Joint Commission to add more suicide risk screening requirements for hospitals

The Joint Commission will require healthcare organizations to maintain screening tools and other procedures for patients at risk of suicide as part of its accreditation process, starting July 1, 2019.

The revised requirements, included in The Joint Commission's National Patient Safety Goal resource, are based on more than a year of research and analysis from multiple expert panels.

The Joint Commission created the NPSG in 2002 to help accredited healthcare facilities improve patient safety. The document has included suicide prevention as an element of performance for hospitals since 2007.

The NPSG will now assess hospitals on the following elements of performance for suicide prevention:

  • Environmental risk assessment and action to minimize suicide risk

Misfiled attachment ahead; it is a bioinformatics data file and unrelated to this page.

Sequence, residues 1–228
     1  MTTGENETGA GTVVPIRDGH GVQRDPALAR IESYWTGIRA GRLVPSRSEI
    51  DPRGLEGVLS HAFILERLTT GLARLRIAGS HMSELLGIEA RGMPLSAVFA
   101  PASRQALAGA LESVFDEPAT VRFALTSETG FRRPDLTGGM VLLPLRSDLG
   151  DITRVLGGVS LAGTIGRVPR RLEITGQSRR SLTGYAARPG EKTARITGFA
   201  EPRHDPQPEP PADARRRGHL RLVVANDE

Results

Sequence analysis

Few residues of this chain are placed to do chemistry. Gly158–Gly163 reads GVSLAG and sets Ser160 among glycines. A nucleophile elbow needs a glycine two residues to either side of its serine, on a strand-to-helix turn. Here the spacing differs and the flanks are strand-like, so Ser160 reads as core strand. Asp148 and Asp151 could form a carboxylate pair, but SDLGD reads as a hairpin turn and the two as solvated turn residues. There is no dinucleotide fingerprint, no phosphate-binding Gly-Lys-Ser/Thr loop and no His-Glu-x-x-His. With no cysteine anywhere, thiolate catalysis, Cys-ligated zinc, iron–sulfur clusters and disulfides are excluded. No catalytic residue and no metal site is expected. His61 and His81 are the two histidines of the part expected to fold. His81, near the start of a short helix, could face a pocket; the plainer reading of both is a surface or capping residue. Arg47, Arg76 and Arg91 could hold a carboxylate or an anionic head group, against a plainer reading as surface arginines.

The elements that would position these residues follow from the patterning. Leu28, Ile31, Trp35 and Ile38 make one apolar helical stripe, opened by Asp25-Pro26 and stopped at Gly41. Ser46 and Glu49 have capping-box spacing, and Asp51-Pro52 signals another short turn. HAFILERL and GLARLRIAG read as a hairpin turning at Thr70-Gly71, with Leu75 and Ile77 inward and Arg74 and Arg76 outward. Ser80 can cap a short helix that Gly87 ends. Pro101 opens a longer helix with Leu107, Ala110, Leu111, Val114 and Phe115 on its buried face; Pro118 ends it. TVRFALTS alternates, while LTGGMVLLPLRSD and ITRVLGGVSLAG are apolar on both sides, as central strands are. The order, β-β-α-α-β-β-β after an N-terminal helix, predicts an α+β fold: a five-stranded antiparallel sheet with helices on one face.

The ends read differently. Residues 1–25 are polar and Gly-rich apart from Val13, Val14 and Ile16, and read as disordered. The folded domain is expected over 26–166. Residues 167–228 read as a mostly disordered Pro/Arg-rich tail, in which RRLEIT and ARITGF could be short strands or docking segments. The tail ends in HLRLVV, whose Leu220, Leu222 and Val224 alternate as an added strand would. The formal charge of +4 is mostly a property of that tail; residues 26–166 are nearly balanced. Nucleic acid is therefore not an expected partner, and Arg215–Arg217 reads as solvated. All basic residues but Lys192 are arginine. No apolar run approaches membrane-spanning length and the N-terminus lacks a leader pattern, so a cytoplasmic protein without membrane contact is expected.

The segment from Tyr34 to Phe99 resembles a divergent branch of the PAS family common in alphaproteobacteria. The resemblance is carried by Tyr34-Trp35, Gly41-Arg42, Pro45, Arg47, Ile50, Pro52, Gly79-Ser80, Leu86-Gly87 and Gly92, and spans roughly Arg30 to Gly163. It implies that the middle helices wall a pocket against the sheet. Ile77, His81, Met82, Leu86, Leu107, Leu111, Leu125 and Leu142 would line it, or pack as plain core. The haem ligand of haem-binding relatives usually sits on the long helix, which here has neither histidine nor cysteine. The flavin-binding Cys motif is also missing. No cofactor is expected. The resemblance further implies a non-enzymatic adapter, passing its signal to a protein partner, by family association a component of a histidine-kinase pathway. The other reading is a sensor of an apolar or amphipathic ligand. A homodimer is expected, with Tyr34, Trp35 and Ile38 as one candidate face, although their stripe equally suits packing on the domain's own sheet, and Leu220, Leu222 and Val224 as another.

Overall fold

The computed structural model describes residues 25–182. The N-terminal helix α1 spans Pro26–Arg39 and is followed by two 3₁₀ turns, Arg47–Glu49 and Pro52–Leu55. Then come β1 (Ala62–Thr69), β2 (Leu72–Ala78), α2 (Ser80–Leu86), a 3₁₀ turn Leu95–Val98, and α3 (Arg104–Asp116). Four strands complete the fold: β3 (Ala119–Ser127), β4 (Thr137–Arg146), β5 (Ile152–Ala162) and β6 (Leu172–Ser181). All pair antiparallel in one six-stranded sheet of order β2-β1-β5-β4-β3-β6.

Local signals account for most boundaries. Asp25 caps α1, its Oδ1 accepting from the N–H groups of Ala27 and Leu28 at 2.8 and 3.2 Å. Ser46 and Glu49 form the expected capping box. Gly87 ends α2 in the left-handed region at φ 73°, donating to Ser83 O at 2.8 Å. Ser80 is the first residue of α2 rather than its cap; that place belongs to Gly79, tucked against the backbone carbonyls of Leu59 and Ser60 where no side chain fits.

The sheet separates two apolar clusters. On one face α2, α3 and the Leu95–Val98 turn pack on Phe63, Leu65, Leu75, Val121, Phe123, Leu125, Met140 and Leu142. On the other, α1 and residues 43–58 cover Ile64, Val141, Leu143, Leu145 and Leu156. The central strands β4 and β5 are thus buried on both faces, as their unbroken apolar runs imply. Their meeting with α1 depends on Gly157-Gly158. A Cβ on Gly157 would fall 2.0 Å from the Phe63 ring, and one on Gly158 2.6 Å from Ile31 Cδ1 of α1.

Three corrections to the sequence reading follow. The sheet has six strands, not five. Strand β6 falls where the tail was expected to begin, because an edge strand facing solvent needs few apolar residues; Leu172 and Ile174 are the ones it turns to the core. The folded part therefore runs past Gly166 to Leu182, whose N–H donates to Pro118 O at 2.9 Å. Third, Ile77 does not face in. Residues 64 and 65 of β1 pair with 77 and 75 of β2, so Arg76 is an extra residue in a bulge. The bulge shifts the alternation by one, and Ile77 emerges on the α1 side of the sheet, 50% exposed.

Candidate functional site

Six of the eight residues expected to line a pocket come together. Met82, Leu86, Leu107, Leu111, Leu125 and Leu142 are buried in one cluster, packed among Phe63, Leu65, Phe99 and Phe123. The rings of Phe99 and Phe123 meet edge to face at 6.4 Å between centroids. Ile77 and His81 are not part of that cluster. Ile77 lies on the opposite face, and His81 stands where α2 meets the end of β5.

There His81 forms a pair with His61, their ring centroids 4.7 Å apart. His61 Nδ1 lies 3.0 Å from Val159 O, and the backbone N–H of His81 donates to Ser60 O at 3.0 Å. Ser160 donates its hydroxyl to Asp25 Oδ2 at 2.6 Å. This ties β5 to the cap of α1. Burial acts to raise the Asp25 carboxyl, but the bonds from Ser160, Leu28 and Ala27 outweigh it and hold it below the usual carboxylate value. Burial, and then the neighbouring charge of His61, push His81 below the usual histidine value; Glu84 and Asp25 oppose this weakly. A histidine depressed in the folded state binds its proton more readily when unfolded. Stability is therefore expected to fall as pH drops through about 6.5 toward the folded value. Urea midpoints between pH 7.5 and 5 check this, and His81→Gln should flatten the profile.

• Use of a validated screening tool to assess patients at risk
  • Evidence-based process for conducting suicide risk assessments of patients screened positive for suicidal ideation
  • Documentation of patients' risk and the plan to mitigate
  • Written policies and procedures addressing care of at-risk patients and evidence they are followed
  • Policies and procedures for counseling and follow-up care for at-risk patients at discharge
  • Monitoring of implementation and effectiveness, with action taken as needed to improve compliance

"The science of suicide prevention has really advanced over the past few years," David W. Baker, MD, executive vice president for the division of healthcare quality evaluation at The Joint Commission, said in a press release. "We had not updated the NPSG since its original release in 2007. This revised version and the accompanying resource compendium will more robustly support healthcare organizations in preventing suicide among patients in their care."

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